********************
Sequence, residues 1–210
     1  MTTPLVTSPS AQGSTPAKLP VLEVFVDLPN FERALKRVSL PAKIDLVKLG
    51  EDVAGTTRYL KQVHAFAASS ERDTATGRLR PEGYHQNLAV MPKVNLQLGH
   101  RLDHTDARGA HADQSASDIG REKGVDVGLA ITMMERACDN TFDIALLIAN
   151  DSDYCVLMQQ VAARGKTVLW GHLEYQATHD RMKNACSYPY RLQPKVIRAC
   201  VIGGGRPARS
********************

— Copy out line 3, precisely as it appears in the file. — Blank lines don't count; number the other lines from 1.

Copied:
    51  EDVAGTTRYL KQVHAFAASS ERDTATGRLR PEGYHQNLAV MPKVNLQLGH